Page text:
Java Reference
In-Depth Information
Listing 2-2. Identity Function Implemented Using an Anonymous Inner Class
public static <V> Function<V, V> identityFunctionAIC() {
return new Function<V, V>() {
public V apply(V value) {
return value;
Since Function is an interface, it is entirely possible to reimplement identityFunction() using an
anonymous inner class. The equivalent anonymous inner class implementation is given in Listing 2-2. If you
compare the two implementations, there are a few interesting things to note. First, the new format is much
more succinct. Second, the return found inside the anonymous inner class is implicit with the lambda:
the lambda is made up of a single statement, and so that statement's value is implicitly returned. Third, the
lambda version has no explicit declaration of value 's type: the compiler infers out the type of value based on
the context in which the value is used. This is a capability called “type inference,” and it is one of the nicest
things to come out of functional programming languages.
The type inference is why Listing 2-1 had to be wrapped in a method: you need to provide a way for the
compiler to know the argument and return type of the function. It is possible to assign a lambda directly
to a variable, but things get a bit tricky here: after all, what's the type? Truly old school Java developers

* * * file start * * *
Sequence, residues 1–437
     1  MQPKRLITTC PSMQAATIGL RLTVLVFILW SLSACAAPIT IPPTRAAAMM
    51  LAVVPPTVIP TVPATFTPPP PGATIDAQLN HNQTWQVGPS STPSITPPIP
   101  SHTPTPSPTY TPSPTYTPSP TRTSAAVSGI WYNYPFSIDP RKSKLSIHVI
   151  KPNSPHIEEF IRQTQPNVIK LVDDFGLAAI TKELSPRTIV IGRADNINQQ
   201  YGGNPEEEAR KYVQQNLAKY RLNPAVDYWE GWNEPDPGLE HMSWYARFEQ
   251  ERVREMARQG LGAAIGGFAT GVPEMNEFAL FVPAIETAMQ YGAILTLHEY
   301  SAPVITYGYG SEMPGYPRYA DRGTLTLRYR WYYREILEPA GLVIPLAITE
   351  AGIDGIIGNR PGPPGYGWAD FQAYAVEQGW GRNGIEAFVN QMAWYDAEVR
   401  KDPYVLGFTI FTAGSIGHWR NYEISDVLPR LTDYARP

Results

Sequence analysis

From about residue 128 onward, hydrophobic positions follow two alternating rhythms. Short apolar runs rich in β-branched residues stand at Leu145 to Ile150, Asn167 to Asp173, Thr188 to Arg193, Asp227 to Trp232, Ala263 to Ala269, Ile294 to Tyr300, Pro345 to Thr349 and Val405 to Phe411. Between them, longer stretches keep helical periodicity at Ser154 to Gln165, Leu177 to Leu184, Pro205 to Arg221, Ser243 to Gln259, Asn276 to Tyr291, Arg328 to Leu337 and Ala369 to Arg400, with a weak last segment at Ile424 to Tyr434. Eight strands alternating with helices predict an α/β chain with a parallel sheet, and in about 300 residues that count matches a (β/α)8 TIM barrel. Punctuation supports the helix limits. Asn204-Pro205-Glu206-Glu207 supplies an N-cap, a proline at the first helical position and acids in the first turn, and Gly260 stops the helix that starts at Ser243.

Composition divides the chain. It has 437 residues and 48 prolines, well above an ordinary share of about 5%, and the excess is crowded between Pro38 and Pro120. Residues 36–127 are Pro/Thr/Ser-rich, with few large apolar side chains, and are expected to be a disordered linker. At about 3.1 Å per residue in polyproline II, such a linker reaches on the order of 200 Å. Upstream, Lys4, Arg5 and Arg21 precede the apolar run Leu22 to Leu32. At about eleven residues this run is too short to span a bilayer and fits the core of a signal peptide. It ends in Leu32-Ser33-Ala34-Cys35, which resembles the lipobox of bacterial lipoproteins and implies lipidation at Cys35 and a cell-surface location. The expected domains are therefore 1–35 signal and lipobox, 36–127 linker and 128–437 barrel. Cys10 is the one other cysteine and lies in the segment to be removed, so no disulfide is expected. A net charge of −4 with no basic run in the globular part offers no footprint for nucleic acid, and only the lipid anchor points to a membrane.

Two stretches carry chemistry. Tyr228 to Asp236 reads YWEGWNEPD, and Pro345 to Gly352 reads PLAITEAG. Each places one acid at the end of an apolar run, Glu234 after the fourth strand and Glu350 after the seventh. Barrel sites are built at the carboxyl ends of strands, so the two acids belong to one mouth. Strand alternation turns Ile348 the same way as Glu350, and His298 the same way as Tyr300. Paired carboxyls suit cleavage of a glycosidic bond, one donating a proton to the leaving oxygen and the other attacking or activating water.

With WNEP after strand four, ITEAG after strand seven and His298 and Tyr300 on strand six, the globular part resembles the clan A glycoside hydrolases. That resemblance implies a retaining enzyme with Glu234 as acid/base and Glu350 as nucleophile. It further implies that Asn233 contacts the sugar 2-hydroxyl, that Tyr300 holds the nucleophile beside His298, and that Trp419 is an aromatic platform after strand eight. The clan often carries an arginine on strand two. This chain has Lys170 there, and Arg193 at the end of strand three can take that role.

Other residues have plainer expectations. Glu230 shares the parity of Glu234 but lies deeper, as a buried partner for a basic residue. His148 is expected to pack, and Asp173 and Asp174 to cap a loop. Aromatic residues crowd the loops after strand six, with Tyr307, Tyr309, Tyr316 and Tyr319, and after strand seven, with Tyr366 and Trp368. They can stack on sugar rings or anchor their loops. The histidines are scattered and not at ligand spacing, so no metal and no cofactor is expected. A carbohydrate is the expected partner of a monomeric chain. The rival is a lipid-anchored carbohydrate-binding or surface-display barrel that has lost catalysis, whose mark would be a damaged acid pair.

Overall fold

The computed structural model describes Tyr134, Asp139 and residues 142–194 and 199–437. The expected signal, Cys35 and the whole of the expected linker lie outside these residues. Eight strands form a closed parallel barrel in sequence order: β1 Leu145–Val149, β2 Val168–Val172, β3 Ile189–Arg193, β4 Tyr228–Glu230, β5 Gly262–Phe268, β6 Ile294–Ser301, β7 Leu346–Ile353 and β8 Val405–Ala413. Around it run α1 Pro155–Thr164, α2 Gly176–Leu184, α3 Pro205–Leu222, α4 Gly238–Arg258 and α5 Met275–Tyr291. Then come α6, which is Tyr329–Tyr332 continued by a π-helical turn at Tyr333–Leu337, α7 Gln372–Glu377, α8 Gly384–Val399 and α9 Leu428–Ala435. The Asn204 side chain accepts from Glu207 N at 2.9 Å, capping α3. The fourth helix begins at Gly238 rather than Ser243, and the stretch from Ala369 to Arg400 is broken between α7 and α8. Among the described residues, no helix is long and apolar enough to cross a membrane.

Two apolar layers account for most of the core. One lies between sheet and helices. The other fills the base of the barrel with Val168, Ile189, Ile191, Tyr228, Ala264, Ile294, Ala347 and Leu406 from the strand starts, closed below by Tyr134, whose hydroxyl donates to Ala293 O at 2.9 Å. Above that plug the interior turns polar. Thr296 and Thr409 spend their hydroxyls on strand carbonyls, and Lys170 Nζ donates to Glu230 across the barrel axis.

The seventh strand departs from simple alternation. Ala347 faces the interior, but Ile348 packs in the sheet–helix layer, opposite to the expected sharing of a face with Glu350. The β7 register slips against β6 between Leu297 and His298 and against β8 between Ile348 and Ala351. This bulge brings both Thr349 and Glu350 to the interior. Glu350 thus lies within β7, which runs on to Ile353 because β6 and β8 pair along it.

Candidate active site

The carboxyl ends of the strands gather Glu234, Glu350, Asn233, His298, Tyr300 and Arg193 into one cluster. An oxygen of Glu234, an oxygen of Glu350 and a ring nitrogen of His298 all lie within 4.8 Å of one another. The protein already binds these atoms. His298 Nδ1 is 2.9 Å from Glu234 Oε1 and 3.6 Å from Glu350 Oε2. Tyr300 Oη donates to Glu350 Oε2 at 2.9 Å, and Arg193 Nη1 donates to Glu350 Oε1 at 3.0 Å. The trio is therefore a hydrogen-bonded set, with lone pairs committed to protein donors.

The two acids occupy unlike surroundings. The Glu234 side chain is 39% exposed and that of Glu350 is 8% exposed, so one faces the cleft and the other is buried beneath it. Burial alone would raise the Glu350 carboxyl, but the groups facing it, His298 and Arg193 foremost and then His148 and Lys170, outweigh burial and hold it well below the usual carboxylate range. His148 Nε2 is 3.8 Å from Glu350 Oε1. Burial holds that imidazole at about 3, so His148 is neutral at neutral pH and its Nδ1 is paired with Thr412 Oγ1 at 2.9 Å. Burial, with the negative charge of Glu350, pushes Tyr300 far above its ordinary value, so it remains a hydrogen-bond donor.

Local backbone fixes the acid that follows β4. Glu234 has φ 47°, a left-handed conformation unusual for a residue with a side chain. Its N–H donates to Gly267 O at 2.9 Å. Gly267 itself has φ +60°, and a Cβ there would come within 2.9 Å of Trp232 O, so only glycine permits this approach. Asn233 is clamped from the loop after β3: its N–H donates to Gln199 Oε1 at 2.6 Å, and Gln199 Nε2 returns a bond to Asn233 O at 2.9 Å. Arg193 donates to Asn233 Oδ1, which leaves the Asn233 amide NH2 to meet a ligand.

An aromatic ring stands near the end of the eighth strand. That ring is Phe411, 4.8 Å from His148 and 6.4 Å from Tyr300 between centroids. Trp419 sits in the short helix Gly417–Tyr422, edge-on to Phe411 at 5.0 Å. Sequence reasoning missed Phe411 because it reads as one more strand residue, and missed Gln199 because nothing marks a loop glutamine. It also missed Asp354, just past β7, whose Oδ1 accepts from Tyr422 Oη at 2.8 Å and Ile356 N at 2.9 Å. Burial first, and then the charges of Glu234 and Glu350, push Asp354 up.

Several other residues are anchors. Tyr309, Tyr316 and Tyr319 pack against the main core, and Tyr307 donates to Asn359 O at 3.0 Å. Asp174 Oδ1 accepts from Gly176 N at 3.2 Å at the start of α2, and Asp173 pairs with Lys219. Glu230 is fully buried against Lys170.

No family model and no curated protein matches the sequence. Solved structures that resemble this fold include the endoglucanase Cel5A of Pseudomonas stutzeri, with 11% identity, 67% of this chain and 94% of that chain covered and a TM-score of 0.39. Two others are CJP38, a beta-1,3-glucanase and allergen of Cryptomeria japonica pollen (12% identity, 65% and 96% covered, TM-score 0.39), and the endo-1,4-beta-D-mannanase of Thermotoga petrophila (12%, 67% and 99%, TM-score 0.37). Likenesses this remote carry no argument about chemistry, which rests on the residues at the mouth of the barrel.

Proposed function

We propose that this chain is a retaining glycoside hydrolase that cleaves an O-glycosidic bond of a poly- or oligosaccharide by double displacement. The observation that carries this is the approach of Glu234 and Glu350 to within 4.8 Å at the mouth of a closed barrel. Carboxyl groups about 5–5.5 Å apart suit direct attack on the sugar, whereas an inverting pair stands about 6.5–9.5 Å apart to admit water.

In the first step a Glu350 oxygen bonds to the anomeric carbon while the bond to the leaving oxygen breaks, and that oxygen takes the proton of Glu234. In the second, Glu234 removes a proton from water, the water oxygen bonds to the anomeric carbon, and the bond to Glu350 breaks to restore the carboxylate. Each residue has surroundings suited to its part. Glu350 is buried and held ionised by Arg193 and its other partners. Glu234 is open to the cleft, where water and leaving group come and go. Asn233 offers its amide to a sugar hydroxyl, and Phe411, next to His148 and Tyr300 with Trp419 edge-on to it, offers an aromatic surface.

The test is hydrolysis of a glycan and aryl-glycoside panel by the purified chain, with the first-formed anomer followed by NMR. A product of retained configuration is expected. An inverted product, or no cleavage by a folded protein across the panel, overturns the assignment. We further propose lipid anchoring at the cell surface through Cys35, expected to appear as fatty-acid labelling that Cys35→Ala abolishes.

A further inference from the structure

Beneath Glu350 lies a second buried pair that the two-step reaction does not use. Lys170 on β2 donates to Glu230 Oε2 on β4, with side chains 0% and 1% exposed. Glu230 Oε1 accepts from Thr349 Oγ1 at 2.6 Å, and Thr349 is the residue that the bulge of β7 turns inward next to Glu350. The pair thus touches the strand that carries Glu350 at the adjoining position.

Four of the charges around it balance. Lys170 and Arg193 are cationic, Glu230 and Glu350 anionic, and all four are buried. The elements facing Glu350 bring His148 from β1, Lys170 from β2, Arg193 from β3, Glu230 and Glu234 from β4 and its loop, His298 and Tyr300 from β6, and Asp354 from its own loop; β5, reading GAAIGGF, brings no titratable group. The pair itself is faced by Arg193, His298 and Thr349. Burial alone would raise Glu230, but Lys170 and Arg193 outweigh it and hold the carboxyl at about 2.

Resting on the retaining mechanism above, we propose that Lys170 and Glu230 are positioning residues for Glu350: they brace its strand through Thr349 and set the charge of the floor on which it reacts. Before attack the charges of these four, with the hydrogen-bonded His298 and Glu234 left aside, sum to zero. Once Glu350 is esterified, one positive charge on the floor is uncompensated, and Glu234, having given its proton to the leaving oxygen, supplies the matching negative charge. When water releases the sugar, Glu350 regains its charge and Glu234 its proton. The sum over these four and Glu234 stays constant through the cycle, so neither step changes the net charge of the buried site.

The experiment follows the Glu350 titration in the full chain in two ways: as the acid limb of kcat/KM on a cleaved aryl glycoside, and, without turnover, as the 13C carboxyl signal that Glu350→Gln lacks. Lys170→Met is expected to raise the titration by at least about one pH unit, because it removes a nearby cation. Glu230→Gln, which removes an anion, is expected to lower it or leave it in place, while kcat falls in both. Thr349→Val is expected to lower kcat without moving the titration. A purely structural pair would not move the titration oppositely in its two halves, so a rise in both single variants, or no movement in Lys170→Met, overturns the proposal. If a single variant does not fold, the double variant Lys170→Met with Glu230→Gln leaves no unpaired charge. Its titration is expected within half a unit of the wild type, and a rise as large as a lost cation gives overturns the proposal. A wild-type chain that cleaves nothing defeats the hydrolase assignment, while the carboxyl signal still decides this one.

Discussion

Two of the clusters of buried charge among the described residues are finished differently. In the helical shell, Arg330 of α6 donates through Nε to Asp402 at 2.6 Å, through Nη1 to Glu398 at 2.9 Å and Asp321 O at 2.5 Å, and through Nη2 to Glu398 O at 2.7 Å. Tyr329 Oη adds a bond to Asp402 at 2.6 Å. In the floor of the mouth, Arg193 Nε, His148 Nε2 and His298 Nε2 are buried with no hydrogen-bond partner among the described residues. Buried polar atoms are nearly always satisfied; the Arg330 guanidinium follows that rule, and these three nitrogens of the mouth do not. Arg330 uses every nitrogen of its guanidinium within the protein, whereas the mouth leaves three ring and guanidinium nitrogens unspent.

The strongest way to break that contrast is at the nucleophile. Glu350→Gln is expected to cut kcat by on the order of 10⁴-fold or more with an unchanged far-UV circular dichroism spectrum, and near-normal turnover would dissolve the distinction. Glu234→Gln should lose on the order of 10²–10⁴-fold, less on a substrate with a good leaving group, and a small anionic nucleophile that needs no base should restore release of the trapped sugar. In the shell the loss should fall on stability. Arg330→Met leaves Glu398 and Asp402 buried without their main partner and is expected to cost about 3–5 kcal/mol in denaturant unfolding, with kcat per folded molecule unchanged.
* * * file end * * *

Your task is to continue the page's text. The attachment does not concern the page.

might be tempted to assign it to Object and circumvent the type of system completely, as in Listing 2-3. If
you do that, however, you will get a compiler error: the compiler needs to know what type you are trying to
implement. More modern Java developers would want to use generics to solve this purpose, as in Listing 2-4.
This will compile and work just fine. Unfortunately, that loses type information: the compiler no longer
knows the argument and return type are the same type. The method allows us to keep that information by
communicating all the type information that we have while remaining as generic as possible. If, however,
you knew that it was always going to be a Number , then you could define it as in Listing 2-5, and you'd get
all the succinct inline definition along with the type information. (The repetition of <Number,Number> in
Listing 2-5 is because both the argument and the return value are a Number: the first Number denotes the
argument's type, the second Number denotes the return value's type.) As a general rule, define lambdas
inline to the variable assignment if you know the concrete types, and define lambdas within methods
to capture more complex type information. Now that the Java compiler has type inference, that type
information is worth its weight in gold: don't lose it!
Listing 2-3. Identity Function Assigned to an Object Variable
// This code does not compile
Object funObject = it -> it;
Listing 2-4. Identity Function Assigned to a Generic Function Variable
Function<?,?> function = it -> it;
Listing 2-5. Identity Function for Number Instances Assigned to a Function Variable
Function<Number,Number> function = it -> it;
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